I'll give you a minute to pick yourself up off from the floor. Don't forget to close your mouth that is surely hanging open.
Now that you're back with me, let's start again. I've been watching the finals, and before that, some of the playoffs. Here's what happened: one night, many a week ago, I went to meet my favorite boy type person for dinner, and he was ancy as all get out. This is not uncommon for him, but this ance had a special flavor to it, and it was quickly discovered "there's a game on!". Plans changed to ordering in, and watching the game. Well, actually, he watched and I.. a little bit watched, but mostly saw first-hand how happy this silly game seemed to make him. I happen to like things that make him happy, and trust his judgement on
Fast forward and I've watched like.. seven games? Mostly I've watched them in conjunction with something else, flipping back and forth between things like The Bachelorette and The Tony Awards. A perfect fit, I'm sure you are thinking.
And since I'm a bit of a personal-growth-let's-learn-lessons-in-everything-person, I've realized that there's been quite a bit that I've learned during my new time as a basketball fan, both about the sport and about life.
1. Basketball is basically like a TV show or soap opera. Everyone is recurring, but there are stars, then supporting. So, if this was Pretty Little Liars, LeBron James would be Hannah (Ashley Benson), and Dwayne Wade would be Aria (Lucy Hale), and so on. And just like PLL, they are all hella dramatic. When someone falls, the world is ending. They lay there, drawing it out, waiting for the call from the ref. Everyone rushes over to help them up, as though they've been shot. When they're called on the foul, their eyes widen with innocence (Mr. James is super good at this, and looks about six years old). When they feel they've been shortchanged, they yell and make hand gestures, and just about have a fit. Oh, the drama.
2. Despite the drama, nobody really says anything bad about the other team. Actually, they say nice things. When a player is pulled aside to answer some quick questions, and the interviewer is all 'what's happening?', the player usually somehow compliments the other team. For example, they say things about how the other team/another player is really on their defense and working hard so they just have to work harder. They're also all very well spoken and never out of breath. How?
3. Ignore the praise. That's right, ignore it. If you make a basket and everyone cheers, and your fellow teammates are dancing around by the bench, you just make the shot and get on it with it. Back to the game. Focus on what you're doing. It's kind of crazy. If thousands of people were cheering for me for doing something well, I'd be all Taylor-Swift-Face-Making, like whooo me? Thank you, thank you! (You know what I mean if you've ever seen her accept an award.)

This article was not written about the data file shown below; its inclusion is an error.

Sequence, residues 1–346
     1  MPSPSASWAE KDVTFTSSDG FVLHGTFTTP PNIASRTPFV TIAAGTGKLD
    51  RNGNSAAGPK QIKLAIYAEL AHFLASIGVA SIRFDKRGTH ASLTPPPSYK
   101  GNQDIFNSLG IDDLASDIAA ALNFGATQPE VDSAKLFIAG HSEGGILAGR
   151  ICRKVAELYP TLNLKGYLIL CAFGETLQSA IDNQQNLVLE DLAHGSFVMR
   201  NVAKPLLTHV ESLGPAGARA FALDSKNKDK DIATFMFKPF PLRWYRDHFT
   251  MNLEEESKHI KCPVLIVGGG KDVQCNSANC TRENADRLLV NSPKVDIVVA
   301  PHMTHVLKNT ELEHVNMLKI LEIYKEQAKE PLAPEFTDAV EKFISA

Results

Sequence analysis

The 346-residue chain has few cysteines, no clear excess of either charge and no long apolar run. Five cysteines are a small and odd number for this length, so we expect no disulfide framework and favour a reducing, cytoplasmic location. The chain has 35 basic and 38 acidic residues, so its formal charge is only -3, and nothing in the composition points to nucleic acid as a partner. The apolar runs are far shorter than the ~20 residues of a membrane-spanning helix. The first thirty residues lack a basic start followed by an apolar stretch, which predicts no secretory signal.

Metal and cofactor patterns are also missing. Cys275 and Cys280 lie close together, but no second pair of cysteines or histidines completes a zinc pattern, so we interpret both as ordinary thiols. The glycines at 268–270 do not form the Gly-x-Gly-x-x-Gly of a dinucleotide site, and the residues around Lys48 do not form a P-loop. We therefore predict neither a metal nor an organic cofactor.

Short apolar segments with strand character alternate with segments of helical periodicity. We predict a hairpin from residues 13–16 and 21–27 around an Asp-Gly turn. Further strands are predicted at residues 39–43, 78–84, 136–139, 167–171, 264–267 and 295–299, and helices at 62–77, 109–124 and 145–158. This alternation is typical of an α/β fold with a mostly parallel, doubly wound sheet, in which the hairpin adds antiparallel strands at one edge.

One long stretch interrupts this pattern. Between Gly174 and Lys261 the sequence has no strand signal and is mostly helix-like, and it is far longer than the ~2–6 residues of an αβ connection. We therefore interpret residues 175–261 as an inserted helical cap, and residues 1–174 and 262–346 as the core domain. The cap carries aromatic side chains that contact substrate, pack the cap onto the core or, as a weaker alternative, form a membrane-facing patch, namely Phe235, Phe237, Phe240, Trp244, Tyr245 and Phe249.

4. Practice really fucking hard at what you want to do. These guys are no joke. What does that book say? Outliers? That you must log 10,000 practice hours to achieve your goal? I'm gonna say these guys are at like 30,000. They've become the best at what they want to do, with diligence and practice.
5. Encourage each other. High fives for every little move. A little tap on the bottom doesn't hurt either. Actually the boys seem to enjoy this very much.
6. Work out. I mean, LOOK at them. It almost makes me want to get off the couch and put away the baked lays.
7. A small setback is no reason to quit. So you don't make a basket, okay, better stay on your feet because everyone else is still moving. The game is still going on. In the time that would be spent pouting, they could easily make a great block or rebound or something (look at me with the lingo!) that would also be super good.
8. On that same note, just because you have an off night personally, or just because your team loses a game, you can't dwell on it. You've just gotta keep hustling, keep moving, keep going. When I think of all the actor nonsense I've heard over not booking something and being in a funk for losing a role, holy potatoes. So if losing a role is akin to losing a game, I say no dwelling and get back on the court (in the audition room) and remember that you have no idea what will happen the next time.
9. Coordinating outfits with your friends is VERY IMPORTANT. It would be very embarrassing to show up in the same dress as a pal, right? Well imagine both teams showing up in the same color. The horror. Plus, super confusing. So outfits must be decided before hand. I get a good giggle over imagining the head coaches on the phone, arguing over who gets to wear white on which day.
10. Be the best at what you do. Then, find the other people who are best at what they do and team up with them. This seems to be what went down with the Heat. Or, okay, at least according to the Miami Heat fanatic who is singlehandedly educating me. So it could be that he was telling the story with pride and respect, but really some shady biz went down, I'm not sure, BUT it sounds like all of these super good players decided to figure out how to play together and make that happen. They could've been competitive with each other but instead they were all 'wait! I'm the best AND you're the best and we would be unstoppable.' Hello. Brilliant.
11. Cover your mouth if you're gossiping. You never know when a camera is on you.
12. Lastly, try something new. You might think you have very little interest in something.. say, for instance, basketball.. but then you try it out and start to learn some stuff and come to find that you're enjoying it. You may also find yourself up on your feet, yelling at the TV screen, and cheering in excitement. Hypothetical example, of course :)
Thus concludes the post I never thought I would write.